17 people s needs were central to every aspect of the school s functioning. In every instance this approach was clearly led by the senior management in the school whose personal and professional commitment generated a cando, solution oriented attitude. In contrast a parent detailed how her teenage son, who had complex additional support needs, redesigned and rebuilt his wheelchair to his own higher performance specification. In so doing he sacrificed some stability for speed and manoeuvrability. His mother was very proud of his achievement and commented that he had many a sp ill from his previous wheelchair and in a very caring way related this to the normality of other children falling off bicycles when learning to ride. School staff refused to allow the young person to use the wheelchair in the school as he had lowered the handles at the side of the chair and this required staff to bend lower if assisting him. The staff deemed this a health and safety risk to themselves and had not sought other safe ways of helping him. 1.7 Negative attitudes and values can also severely restrict the breadth and depth of children and young people s learning opportunities. Examples of not being allowed to access, what were perceived by some school staff and managers in mainstream provision to be, high risk teaching areas such as food technology rooms, craft and design rooms and sporting activities were mentioned in the review process. A parent of two children, who had similar needs and who were placed at different schools in the same authority, shared her anger and disbelief that one child took part in school outings and challenging activities whilst the other child was denied access to these activities on the basis of safety. Other examples related to meeting personal care needs of children and young people and administering medication. In some schools staff took these tasks on board whilst in other schools staff did not accept these responsibilities. 1.8 Assessing and responding to complex and multiple additional support needs challenges practitioners as well as parents and the child or young person to consider priorities for attention be it in terms of disabilities, learning context, family and social and emotional wellbeing. Parents and carers reported positive experiences of dealing with practitioners who had experience and expertise in understanding and advising on their child s condition. Often however professionals were perceived as not having that expertise and experience and professionals sometimes compounded matters by not valuing the parent as knowledgeable and in many cases expert on their own child. The parents of children who had autism spectrum disorders were particularly vocal and upset about their perception that their children were sometimes treated very badly by school staff who attributed blame to the child, or the parents, for their conditions. The expertise of professional staff educating and supporting children and young people with complex additional support needs is seen as one of the most critical factors in ensuring the best outcomes for them. Therefore, the quality of training and continuous professional development of all staff who work with the child or young person on a daily basis or who support and advise those staff is of great importance. Graham Donaldson s report Teaching Scotland s Future 19 notes;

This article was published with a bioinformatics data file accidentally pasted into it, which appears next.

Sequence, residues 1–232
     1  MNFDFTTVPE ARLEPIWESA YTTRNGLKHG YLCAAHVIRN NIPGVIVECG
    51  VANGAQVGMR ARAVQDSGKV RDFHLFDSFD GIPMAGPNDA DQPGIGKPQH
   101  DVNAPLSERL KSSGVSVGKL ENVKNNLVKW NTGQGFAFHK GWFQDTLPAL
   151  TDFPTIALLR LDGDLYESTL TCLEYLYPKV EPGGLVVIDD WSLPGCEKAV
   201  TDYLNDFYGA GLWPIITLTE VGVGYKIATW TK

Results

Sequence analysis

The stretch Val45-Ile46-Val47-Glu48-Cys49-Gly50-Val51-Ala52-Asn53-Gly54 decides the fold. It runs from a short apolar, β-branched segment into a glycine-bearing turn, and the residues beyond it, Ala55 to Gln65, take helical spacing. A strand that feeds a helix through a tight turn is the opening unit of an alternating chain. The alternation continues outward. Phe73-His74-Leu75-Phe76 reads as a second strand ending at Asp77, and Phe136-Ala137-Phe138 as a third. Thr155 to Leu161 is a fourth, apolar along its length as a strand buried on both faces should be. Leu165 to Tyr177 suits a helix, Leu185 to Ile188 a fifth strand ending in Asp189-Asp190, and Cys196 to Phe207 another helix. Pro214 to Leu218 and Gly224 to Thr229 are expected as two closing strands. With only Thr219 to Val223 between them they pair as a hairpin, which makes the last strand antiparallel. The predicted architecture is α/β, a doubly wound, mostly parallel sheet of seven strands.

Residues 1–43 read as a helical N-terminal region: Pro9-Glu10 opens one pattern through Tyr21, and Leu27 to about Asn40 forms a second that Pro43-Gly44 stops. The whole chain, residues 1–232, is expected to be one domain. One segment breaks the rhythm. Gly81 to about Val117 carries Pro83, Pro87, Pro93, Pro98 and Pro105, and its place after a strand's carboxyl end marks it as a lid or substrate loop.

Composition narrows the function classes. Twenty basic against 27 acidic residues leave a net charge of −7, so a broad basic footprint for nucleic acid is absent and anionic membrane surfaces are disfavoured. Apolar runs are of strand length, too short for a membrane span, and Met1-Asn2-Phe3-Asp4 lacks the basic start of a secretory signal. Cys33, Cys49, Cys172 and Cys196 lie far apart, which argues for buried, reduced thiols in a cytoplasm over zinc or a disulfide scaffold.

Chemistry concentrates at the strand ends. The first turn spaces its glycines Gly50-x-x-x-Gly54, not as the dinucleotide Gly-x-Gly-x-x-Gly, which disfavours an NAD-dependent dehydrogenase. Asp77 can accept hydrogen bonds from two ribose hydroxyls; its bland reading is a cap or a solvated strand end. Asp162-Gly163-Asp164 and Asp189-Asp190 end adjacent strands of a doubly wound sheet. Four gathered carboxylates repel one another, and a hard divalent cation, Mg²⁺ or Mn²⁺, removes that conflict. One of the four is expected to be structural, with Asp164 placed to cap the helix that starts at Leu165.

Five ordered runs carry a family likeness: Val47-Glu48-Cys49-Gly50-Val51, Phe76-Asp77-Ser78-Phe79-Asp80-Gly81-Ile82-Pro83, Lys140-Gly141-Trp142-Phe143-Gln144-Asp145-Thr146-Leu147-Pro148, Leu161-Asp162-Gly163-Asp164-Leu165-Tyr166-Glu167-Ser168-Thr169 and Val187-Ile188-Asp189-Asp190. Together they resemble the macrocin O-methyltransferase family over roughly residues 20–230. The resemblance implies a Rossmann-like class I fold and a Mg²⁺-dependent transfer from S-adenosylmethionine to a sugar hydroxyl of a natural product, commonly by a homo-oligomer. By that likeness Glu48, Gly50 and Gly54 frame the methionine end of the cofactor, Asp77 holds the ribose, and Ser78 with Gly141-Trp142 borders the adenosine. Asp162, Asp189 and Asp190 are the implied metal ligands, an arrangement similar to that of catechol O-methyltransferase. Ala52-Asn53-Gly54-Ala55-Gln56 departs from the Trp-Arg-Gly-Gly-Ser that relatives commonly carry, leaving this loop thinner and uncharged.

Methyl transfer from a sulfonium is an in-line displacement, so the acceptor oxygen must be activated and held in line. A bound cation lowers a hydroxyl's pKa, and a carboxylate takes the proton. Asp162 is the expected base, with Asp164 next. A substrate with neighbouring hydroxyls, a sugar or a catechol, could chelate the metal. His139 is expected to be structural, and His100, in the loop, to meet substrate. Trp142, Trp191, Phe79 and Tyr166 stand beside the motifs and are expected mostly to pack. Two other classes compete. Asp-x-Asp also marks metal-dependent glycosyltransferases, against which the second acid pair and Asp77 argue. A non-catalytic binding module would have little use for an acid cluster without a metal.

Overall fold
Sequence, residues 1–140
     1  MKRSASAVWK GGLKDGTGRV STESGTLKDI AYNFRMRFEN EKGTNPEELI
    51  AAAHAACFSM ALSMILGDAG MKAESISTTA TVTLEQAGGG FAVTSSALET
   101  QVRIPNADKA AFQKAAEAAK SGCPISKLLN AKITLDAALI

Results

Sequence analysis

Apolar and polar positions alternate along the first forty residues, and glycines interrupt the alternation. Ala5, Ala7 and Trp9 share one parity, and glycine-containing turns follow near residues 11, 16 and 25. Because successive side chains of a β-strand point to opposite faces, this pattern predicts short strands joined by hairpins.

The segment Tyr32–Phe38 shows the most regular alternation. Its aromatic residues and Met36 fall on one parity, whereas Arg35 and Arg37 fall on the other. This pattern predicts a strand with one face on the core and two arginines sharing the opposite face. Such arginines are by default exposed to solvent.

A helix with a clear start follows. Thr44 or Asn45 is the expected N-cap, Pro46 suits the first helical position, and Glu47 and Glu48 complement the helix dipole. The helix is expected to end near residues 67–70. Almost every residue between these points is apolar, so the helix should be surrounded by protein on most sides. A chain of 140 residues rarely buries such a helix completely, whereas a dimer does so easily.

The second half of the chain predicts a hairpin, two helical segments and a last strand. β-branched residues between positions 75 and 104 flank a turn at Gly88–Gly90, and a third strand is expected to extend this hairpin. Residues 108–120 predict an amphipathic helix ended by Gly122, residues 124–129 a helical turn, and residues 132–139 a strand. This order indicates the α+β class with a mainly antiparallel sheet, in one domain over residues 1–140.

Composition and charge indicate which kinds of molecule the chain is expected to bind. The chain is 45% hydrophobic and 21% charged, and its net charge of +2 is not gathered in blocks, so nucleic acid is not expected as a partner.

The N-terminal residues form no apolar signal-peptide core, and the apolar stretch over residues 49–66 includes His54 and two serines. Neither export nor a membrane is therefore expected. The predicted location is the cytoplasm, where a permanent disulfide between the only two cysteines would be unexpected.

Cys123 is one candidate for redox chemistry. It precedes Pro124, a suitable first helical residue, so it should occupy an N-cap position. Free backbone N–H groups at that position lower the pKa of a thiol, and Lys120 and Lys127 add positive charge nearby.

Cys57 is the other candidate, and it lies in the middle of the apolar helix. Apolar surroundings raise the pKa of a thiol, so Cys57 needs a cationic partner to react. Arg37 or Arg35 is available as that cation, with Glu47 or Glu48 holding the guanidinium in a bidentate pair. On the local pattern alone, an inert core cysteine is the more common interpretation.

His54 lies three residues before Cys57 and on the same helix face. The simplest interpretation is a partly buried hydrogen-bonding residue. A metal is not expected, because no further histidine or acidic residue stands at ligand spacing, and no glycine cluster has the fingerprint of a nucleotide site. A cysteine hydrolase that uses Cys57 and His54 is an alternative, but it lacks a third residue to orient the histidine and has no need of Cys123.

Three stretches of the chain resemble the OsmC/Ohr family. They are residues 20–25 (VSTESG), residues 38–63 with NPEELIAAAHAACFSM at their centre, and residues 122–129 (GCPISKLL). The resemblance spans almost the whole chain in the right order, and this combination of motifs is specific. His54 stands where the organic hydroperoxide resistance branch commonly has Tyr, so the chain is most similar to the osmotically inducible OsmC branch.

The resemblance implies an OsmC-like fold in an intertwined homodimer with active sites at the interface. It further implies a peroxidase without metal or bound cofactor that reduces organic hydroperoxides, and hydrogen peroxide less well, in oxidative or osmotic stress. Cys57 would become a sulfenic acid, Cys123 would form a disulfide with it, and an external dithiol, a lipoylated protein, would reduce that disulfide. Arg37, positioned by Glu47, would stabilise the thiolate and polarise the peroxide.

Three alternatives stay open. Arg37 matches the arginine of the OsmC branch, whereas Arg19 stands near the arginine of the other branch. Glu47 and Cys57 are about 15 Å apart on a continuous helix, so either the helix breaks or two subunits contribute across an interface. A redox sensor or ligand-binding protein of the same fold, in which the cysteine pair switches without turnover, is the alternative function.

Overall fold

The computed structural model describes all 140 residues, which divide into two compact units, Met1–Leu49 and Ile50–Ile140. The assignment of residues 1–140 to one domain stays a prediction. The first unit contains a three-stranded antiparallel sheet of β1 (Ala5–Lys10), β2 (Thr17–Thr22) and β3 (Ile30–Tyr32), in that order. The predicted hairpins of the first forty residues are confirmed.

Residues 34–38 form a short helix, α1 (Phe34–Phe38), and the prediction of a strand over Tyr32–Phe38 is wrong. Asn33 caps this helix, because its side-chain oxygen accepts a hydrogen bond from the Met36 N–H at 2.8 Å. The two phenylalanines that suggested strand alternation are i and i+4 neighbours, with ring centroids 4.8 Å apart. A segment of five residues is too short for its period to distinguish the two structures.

18 The expectation that initial teacher education will cover all that the new teacher needs to know and do is unrealistic. Teacher education needs to be seen as something where foundations laid in the initial phase continue to be built thereafter. Expectations of how and when that deeper expertise will be acquired need to be explicit. 1.9 The approach of the General Teaching Council of Scotland 20 (GTCS) to specialist training is that all teachers should have a core understanding of and general skill in the assessment, learning and teaching of children and young people with additional support needs and then develop specialist expertise through courses and other forms of continuous professional development (CPD). The review concurs with the approach that the overall focus on the learning needs of children and young people should be the pivot for career-long professional learning. The only statutory requirement for training of teachers to teach children and young people with additional support needs is the Teachers (Scotland) Regulations 2005, Scottish Statutory Instrument 2005/ This set of Regulations refers only to teachers of deaf, visually impaired or deaf/blind children. While the GTCS maintains a register of teachers qualified to teach in primary schools and subjects in secondary schools, it does not hold records of the numbers of teachers with specialist qualifications in additional support needs. There appears to be a dearth of information on the numbers of teachers who have expertise in relation to complex additional support needs. Some authorities appear to have well developed approaches to building specialist skills in their staff but others do not systematically plan. The Scottish Sensory Centre (SSC) and staff at the University of Edinburgh have recently undertaken an investigation of the numbers and qualifications of teachers teaching children and young people with sensory impairments which indicates that nearly 60% of teachers specialising in visual impairment are aged 45 and over while 68% of those specialising in hearing impairment are over The review also heard that some of the lead practitioners in services and schools have either retired or are nearing the end of their professional careers with the consequent loss of expertise. The review concluded that there is a need for a body to be responsible for registering, recording and monitoring the qualifications and expertise of teachers specialising in additional support needs. Such a register is needed as part of local and national workforce planning to ensure the provision of specialist teachers The range of expertise required to teach children and young people with complex additional support needs is immense. One contributor to the review referred to some education authority and other staff as often not knowing what they don t know in terms of what quality learning and teaching looks like for children and young people with highly specific but low incidence needs. However, focusing mainly on individual teachers and schools is not sufficient for ensuring that there is a cadre of teachers with sets of expertise relevant to children and young people across the diverse range of complex additional support needs. Children and young people cannot wait until their teacher acquires the additional expertise rather the specialist needs to be on hand. In most cases forward planning should anticipate changing needs that will require more specialist inputs however the review heard of a young Weedon, E. Ahigren, L. Riddell, S. and Sugden, J. (2012) The Education of Children and Young People with a Sensory Impairment in Scotland SSC and CREID 18